Designing for Performance and Scalability

When one thinks about deploying an application to Cloud, the first advantage that comes to mind is scalability. A proper word would be Elasticity, which implies that application can both scale in and scale-out. When talking about scalability, we can scale an application in two ways

Vertical Scaling: Also known as scaling up would mean adding more physical resources to the machine, for example, more RAM or CPU power to existing boxes.

Horizontal Scaling: Also known as scaling out would mean adding more boxes to handle more load.

Here are some common design techniques help us manage performance and scalability of a system

Data Partitioning: One traditional problem faced with performance and scalability is around data. As your application grows and the size of your data gets bigger, executing queries against it becomes a time-consuming job. Partitioning the data logically can help us scale data and keeping performance high at the same time. One example can be to manage data for different geographies in different data clusters.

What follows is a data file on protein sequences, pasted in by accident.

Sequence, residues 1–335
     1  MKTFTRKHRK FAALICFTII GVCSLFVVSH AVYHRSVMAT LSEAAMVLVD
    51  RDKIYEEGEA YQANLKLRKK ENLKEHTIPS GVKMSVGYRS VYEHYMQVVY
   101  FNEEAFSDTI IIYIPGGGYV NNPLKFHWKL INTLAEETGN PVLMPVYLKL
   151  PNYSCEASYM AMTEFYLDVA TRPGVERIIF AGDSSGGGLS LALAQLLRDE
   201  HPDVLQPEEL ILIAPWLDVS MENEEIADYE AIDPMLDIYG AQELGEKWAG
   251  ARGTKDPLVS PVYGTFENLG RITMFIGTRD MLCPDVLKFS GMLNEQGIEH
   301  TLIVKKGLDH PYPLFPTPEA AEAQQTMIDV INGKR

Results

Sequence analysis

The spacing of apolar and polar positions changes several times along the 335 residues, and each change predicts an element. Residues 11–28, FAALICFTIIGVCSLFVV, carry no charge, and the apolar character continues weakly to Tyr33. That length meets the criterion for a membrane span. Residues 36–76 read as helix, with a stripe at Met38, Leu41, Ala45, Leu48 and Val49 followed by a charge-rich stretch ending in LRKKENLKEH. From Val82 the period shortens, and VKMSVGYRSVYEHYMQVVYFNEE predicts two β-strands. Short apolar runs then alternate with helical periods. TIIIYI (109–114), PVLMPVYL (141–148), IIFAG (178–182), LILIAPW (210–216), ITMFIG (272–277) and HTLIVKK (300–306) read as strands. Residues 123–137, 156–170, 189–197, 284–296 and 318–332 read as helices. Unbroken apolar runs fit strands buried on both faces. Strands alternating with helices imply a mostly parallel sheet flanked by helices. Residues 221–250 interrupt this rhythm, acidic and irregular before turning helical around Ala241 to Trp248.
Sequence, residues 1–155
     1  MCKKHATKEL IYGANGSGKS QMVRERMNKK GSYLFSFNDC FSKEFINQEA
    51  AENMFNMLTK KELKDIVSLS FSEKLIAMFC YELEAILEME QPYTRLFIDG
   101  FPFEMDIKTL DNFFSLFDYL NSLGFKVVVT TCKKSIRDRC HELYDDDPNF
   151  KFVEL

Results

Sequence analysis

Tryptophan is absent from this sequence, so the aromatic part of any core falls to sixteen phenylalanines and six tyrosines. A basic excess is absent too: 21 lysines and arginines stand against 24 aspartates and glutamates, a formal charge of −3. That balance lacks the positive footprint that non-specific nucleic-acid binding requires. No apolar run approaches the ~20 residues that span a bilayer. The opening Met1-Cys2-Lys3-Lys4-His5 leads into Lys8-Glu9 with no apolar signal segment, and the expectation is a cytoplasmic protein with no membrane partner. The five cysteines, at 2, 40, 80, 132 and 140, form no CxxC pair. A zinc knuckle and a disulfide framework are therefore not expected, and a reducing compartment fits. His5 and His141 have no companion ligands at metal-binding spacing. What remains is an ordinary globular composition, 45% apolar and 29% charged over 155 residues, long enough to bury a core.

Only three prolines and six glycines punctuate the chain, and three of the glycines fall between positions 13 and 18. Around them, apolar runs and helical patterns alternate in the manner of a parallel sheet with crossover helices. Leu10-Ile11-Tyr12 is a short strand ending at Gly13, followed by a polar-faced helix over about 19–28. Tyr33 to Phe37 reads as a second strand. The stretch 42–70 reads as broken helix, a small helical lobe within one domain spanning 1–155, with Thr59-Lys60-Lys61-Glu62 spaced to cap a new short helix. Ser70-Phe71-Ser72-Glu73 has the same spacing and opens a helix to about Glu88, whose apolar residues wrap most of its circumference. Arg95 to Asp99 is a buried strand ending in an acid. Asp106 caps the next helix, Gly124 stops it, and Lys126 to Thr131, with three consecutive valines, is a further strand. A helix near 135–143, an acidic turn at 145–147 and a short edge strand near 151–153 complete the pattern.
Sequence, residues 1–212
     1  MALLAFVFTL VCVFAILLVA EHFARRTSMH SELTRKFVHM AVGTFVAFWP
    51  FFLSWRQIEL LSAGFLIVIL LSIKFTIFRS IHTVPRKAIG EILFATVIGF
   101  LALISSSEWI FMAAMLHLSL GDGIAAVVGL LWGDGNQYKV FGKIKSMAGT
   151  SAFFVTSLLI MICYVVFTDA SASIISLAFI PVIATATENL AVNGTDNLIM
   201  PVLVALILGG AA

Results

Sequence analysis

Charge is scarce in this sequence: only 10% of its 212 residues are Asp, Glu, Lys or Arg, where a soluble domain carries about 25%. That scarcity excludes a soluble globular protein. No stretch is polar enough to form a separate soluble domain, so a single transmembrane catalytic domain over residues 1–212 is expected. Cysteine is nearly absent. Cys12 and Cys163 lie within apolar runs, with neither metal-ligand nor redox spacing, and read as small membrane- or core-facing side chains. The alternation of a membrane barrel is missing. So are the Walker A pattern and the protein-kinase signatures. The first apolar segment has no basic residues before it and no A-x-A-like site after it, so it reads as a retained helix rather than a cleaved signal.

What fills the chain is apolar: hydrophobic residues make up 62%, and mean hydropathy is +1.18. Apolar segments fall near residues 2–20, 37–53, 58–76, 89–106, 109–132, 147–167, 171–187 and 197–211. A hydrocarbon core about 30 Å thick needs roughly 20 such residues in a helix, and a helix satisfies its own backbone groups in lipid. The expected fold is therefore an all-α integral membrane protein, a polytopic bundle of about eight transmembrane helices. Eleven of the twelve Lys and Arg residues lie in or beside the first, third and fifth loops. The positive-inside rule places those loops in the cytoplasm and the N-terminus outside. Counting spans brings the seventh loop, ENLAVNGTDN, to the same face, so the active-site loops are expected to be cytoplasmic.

Caching: It is an age-old technique for making sure our system performs fast. Cloud provides us out of the box caching mechanisms like Redis cache which can be used off the shelf and help us improve performance.

AutoScaling: Cloud service providers help us autoscale horizontally based on rules. For example, we can set a rule that when average CPU usage of current boxes is beyond say 70%, add a new box. We can also have rules for scale in like if the average CPU usage is below 50%, kill a box.

Background Jobs: Move the code which can be managed asynchronously and independently like reports generation or AI model execution to batch jobs or background jobs. This will help manage the performance of core application features.

Messaging Infra: Again use Messaging or Queue based communication for asynchronous tasks. Services handling messages can scale up or down based on need.

Scale units: At times you will feel that when scaling up you need to scale more than just virtual machine, for example, an application uses X web servers, Y queues, Z storage accounts, etc. We can create a unit consisting of the infra need and scale resources as a unit.

Monitoring: Have performance monitoring in place to make sure your application and services are following SLAs. Monitoring will also help us identify problem areas, for example, one service might be slowing down the whole system.